Karelian Institute
M. Piipponen and J. Virkkinen
Date of Publication: 
Saturday, December 30, 2017

Europe experienced an unprecedented peak in asylum seekers in 2015. Over a million asylum seekers entered the European Union across the Mediterranean Sea and travelled by all means of transport, including by foot, from South to Central and Northern parts of the EU. This “migration crisis” became to define much of the political-territorial atmosphere in the continent with severe impacts on the European security but, significantly, also to the way countries communicated migration related threat images into desires for re-bordering. Towards the end of 2015 and early 2016, a bit strange episode happened up in the North, when asylum seekers travelled to Northern Norway and Finland through Russian Federation. Despite locating very far from the Mediterranean and Balkan routes to Europe, the Russian North appeared to become part of so-called Arctic route to the Schengen area with over 7000 African, Middle-Eastern and Asian asylum seekers. Due to the history of very strict border management and control, very few illegal border crossings and extremely distant location, the “Arctic route episode” to Norway and Finland became matters of security in many ways. After describing the overall character of this “Arctic route episode”, we will analyse different perspectives to migration related security. A particular attention will be paid to Finland, Finnish border management and foreign citizens who applied for asylum at one of the “Eastern” border crossing points (Salla or Raja-Jooseppi) in Northern Finland. The Finnish-Russian case illustrates well the networked but still rather specific migratory processes in Europe. The public discussion on the episode expresses well many of the international political fears and threats migration poses for those who actually are on the move.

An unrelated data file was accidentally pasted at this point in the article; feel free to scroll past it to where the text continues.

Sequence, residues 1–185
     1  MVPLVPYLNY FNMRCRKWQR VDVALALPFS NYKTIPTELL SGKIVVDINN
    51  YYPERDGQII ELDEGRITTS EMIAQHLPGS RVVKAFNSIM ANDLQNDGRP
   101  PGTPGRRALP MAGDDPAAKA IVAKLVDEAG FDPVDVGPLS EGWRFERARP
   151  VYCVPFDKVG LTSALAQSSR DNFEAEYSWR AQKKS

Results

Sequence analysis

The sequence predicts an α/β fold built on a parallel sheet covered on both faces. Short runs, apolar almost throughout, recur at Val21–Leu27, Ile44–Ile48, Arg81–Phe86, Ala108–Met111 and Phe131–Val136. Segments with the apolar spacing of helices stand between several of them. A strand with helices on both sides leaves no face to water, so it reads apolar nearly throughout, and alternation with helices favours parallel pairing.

Type of Resource: 
Research & Analysis
Publication Year: